Who Are the Mystery Girls?
A Novel in Serial Form
Chapter 10 of 13, Jason Bourne and the Elf
By Adam Gnade
Driving back down the Balboa hill under the dull yellow streetlamps, Agnes told Marigold and Norma her suspicions and what she planned to do, and then no one spoke as they drove west, away from Clairemont, the lights of P.B. shining below them in the darkness and beyond that the great black flat spaces of Mission Bay and the Pacific Ocean. Agnes thought of what she knew, what she felt she knew, what she believed she knew. Norma stared out the window at the hill of houses to the right of the car, the trees and brush of the canyon wall flat-gray with the moon behind the clouds and thought of her mother. Marigold, eyes forward, the headlight-lit road snaking out before and below them, thought of home, of her parents, and as she began to turn over the details of their deaths for the second time that night (a count innumerable over the past four years) she saw a familiar figure walking up the hill along the ditch toward them.
Marigold leaned forward against her seat belt. “Agnes, look, is that the elf?”
“Whoa, what the fuck. Looks like,” said Agnes, squinting. “Yeah, it’s totally the fucking elf.”
Norma leaned in between the seats. “I saw that girl at the party. Who is that?”
“That’s someone we hate’s fiancée,” said Agnes, pulling over to the side of the road as Marigold rolled her window down.
Debsey, crying, wiping her face, walked past the car, determined, muttering to herself, before Marigold called out to her.
Debsey turned and walked back to the car, placed her hands on the window frame, and looked in.
“Wait, what? What are you girls doing in … what’s going on?”
“Ey, you wanna ride?” said Norma.
Debsey looked up the hill and then down the hill and shrugged. “I don’t even know what I’m doing. Damien and I broke up.”
“Get in, London,” said Agnes. “We’re goin’ to the beach.”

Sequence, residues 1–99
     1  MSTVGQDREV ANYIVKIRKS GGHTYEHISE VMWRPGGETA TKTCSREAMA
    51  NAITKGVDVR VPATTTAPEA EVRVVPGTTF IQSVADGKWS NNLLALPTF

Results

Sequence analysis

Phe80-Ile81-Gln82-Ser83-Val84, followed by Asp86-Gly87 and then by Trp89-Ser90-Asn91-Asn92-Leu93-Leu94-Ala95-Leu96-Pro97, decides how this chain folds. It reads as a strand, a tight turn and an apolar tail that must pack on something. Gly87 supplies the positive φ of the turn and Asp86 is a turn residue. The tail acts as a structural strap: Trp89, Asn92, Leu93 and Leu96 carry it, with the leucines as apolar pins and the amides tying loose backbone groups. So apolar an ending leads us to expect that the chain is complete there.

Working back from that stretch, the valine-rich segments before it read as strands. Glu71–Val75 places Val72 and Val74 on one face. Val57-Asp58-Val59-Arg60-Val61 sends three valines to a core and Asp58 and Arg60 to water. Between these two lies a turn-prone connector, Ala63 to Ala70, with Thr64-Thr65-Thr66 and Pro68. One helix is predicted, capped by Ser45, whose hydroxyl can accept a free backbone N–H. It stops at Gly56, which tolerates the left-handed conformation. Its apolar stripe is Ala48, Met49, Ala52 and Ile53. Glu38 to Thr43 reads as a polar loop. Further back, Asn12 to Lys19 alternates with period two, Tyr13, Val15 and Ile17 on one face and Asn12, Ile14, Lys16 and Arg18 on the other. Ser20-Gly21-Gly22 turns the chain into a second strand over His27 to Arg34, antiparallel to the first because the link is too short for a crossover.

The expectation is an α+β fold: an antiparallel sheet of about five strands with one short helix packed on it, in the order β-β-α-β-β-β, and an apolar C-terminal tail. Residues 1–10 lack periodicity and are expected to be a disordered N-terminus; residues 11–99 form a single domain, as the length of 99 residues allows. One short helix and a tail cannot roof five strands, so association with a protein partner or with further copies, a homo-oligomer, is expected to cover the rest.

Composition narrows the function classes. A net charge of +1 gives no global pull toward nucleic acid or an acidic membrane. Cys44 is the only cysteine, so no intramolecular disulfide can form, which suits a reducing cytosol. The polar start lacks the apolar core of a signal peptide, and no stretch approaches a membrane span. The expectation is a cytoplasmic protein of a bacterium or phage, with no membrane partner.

“At night?” Debsey had stopped crying now.
“Get in. Long story.”
Driving west down Garnet Avenue in Pacific Beach, Debsey filled them in on the events of the evening.
“After you two left the party, I asked Damien about Gabby and about why they’d had this feud. At first he was dreadfully cagey about it.”
“That’s Damien,” said Agnes. “He thinks he’s Jason Bourne or some shit. Just because you’re rich doesn’t mean you’re important.”
“Dame’s been that way since I’ve known him. Hard to pin down. Wouldn’t give me his flat number in London at first when we started dating and never told me where he was going when he went somewhere. As if it were some sort of dire threat to national security if I knew whom he was hanging out with.”
“Dudes are so fucking self-important sometimes,” said Norma.
Debsey continued. “At the party Dame kept drinking, whilst I stopped, strategically of course, and after a bit it all began to come pouring out. About the photos of Gabby’s he stole. The blackmail. All the rest. All the petty, twisted, unbecoming things he did to her—and to you, Agnes—over the years. I don’t imagine he’ll remember this tomorrow, but he told me all about … everything.”
“Everything is a lot,” said Agnes.
“Indeed,” said Debsey, quietly. “Everything is quite a lot and much more than I could take, so I—” she held up her left hand “—I got up … and I know this was excruciatingly childish of me, but I got up and walked over to the fire that everyone was standing around and tossed his engagement ring in.”